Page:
After making some attempts at expressive images of the heart I decided to do some exploring around the area. I had some descriptions of a few different areas around the main Wave proper so I started out with the intention of finding the Second Wave and then hoping to find the Boneyard. I started my exploration by walking up the main chute of the Wave to a large flat area above which has some really nice brain rock. The decision I had to make was to either go out looking for a way up to the top of Top Rock or to continue with my intended search for the Second Wave. I opted for the search so I continued up past the brain rock and started skirting the edge of the butte, with great views down into Sand Cove. After another forty-five minutes of searching and exploring I found the Second Wave, of course the sun was still pretty high in the sky so although the swirling patterns were very nice, I think that evening light would of done a lot better at accentuating them. None the less, I stopped here and shot for a bit, made lunch, and contemplated my next direction.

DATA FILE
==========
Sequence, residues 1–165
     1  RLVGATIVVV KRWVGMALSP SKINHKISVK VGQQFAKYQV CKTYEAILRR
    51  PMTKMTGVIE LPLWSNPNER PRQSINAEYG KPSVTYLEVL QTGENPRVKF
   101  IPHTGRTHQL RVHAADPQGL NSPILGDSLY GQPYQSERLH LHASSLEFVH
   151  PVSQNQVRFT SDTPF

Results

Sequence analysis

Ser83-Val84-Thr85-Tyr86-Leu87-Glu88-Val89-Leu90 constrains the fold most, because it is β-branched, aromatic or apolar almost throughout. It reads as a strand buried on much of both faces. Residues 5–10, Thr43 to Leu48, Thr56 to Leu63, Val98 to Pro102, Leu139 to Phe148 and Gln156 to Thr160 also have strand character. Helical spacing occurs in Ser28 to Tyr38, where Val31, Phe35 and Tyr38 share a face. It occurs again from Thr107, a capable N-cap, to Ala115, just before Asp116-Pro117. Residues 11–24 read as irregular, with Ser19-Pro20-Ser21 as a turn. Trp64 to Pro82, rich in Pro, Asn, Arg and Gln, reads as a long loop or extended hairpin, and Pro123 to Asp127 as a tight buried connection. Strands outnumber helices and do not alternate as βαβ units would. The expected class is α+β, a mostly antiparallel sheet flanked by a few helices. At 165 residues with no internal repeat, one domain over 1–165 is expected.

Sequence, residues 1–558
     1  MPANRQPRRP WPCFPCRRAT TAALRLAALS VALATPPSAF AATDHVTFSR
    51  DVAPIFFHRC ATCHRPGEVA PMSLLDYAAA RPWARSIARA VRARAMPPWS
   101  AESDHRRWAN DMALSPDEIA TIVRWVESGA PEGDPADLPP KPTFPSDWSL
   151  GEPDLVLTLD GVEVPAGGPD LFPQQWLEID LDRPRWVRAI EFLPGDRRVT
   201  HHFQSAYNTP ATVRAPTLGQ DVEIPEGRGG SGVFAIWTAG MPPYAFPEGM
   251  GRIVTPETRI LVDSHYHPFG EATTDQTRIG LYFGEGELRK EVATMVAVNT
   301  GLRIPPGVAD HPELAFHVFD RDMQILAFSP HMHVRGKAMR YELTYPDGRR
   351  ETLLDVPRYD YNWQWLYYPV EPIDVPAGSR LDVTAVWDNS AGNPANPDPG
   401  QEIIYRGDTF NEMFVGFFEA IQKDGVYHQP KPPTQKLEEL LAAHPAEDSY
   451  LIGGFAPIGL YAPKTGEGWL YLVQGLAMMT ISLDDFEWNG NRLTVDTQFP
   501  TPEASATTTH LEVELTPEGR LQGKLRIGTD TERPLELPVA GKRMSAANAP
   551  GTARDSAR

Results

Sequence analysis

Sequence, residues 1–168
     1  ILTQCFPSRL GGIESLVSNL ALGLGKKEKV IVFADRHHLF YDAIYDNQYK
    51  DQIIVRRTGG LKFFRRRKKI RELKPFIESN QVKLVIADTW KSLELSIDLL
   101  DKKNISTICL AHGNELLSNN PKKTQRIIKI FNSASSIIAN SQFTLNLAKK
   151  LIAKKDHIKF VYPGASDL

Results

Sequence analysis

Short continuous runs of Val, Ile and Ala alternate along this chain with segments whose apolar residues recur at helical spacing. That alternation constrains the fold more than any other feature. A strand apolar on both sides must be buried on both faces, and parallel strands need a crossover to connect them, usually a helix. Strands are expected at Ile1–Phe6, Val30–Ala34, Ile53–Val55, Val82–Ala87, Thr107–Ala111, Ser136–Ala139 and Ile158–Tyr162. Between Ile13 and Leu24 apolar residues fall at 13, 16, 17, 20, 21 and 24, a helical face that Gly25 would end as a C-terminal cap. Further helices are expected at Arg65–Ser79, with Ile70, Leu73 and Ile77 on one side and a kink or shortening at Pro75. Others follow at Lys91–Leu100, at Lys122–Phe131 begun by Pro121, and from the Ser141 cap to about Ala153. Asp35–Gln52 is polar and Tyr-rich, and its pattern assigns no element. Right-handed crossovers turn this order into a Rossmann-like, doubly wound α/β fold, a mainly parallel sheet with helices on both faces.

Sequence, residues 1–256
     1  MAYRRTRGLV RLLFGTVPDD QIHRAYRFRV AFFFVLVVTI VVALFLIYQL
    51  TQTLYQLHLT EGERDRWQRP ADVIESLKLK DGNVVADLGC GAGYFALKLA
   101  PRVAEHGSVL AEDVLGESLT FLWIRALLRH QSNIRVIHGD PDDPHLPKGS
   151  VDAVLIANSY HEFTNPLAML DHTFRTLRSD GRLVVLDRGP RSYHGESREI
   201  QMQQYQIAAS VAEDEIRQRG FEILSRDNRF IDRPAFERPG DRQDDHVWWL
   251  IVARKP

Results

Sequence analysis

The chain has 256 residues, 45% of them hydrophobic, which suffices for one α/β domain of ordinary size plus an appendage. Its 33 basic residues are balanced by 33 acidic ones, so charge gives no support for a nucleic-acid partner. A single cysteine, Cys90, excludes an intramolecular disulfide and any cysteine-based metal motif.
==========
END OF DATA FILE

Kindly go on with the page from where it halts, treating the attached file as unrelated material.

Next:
This time I decided to try to find a way down the steep sandstone on the edge of the butte and see if I could find the Boneyard and then make my way into Sand Cove from the top. I had read a description of this route so I knew it was possible but I wasn’t real sure at this point how to navigate down into the wash below. As it turned out when I got closer to the edge of the butte it was steep, but not quite as steep as it seemed earlier and with a little careful walking it was pretty easy to get down into the wash below.